Disregard this post if you aren't pretty interested in triathlon training. It will put you to sleep. It probably will anyway.I don't care.
One of my friends, Iris, recently asked for some input on her upcoming season and how to structure it.Good questions.Trying to provide some useful feedback got me thinking and I thought I would share my answer.These are some things that have taken a long time for me to learn.Disclaimer: training is so individual that, while this is great training for me, it may leave something to be desired for you.Different strokes for different folks. Anyway, on with the show.
This statement “Anyway, pretty soon I really want to start doing lots and lots and lots of training.” is not a good idea.Start lightly with mostly aerobic stuff.Keep it pretty aerobic/ steady for 6-8 weeks, then you can start to inject some intensity.Keep in mind, aerobic does not mean slow.It is pretty challenging to keep steady and not fade when in your aerobic zone.It starts out feeling easy then it gets pretty tough once you are a while in… Once you can maintain power for say 2.5-3 hours on the bike, you have earned the right to continue to intense training. Think of it as graduating to harder training.
Here are some basic guidelines and things that have worked for me (may not work for you)
·Consistency in all disciplines, almost never went more than 72 hrs between sessions in each sport
·Frequency in running to build durability... A lot of injuries come from people neglecting to train their connective tissue (doesn’t have to be long but I was running 5-7 times a week most weeks- low intensity on most)
·Strength on the bike (lots of steady/ mod hard efforts… building the distance on these during the major IM build)
·Continuous swimming was a good addition but I was lacking variety/ overall length inswim training
·I used lots of caution with intensity but probably too little development of top end
·Racing infrequently to keep training blocks uninterrupted (probably not applicable to you as you seem to handle a large race load…big difference between small girls and large guys)
She then asked a question about recovery and the 3 weeks on, 1 week off axiom of triathlon training....
I disagree with the 3 up 1 down system...this is the structure that most people follow, but I have found that it is too long to train and too long to recover. I think most people would do better with a 10-16 day training period followed by a 2-5 day block of recovery... I find that overall I can take fewer recovery days this way and hit the training with fresher legs.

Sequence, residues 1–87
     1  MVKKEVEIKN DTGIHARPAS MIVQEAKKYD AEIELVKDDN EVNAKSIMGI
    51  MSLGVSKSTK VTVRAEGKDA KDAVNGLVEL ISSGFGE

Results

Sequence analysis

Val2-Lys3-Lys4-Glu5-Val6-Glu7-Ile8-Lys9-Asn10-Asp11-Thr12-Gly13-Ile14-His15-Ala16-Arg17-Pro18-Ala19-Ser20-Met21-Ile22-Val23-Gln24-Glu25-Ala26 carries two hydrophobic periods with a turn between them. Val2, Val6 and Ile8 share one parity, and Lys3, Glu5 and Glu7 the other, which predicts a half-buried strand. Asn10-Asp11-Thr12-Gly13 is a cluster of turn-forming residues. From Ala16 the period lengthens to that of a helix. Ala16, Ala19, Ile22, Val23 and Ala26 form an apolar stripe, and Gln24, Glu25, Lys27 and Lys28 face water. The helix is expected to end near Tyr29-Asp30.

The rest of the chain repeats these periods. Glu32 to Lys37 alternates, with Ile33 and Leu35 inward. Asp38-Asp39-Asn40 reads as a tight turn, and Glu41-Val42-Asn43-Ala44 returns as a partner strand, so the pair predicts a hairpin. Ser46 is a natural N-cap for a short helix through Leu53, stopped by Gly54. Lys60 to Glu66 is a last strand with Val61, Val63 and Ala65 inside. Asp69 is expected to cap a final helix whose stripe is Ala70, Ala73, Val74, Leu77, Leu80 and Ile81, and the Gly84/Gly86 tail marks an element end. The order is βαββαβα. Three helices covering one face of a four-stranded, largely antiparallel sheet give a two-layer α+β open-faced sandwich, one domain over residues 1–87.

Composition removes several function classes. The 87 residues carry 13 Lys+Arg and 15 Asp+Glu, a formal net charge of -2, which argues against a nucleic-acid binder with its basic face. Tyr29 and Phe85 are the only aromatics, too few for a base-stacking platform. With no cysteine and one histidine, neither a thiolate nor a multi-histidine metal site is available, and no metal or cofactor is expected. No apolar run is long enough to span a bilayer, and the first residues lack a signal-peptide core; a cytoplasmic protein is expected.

For example, If you can make 10 days of training, then take 2 recovery days to feel fresh, then repeat.You have just completed 20 training days and 4 recovery days vs the 3 up 1 down system of 21 training and 7 recovery days ... 10 and 2 is more efficient and generally the 10 and 10 are more quality than 21 straight.Personally, if I train hard longer than 16 days and try to make it 21, the last five days are shit and worthless in terms of building fitness.To make matters worse, it almost always takes the full 7 days to fully recover. The point is to maximize your training time during your blocks and get completely fresh during your recovery... Simple but not easy.
I take recovery by feel.If it takes 2 days to feel completely fresh, then good and I will immediately get back into training.If it takes 7, then fine but the point is to feel completely fresh.Same with training, if you get blasted quick then take a day off.You should end your training block feeling properly tired... not too deep in the bucket, but definitely not fresh... it takes a long time to learn what is properly tired. It takes time to learn the system that is best for you.
My overall guidelines are to be frequent, be consistent, don’t overdo it in any individual session and don’t get caught up in competition in practice…sometimes is ok but all the time is not, be diligent about recovery, minimize processed food and gluten.Work in the following order: form then aerobic/strength then speed.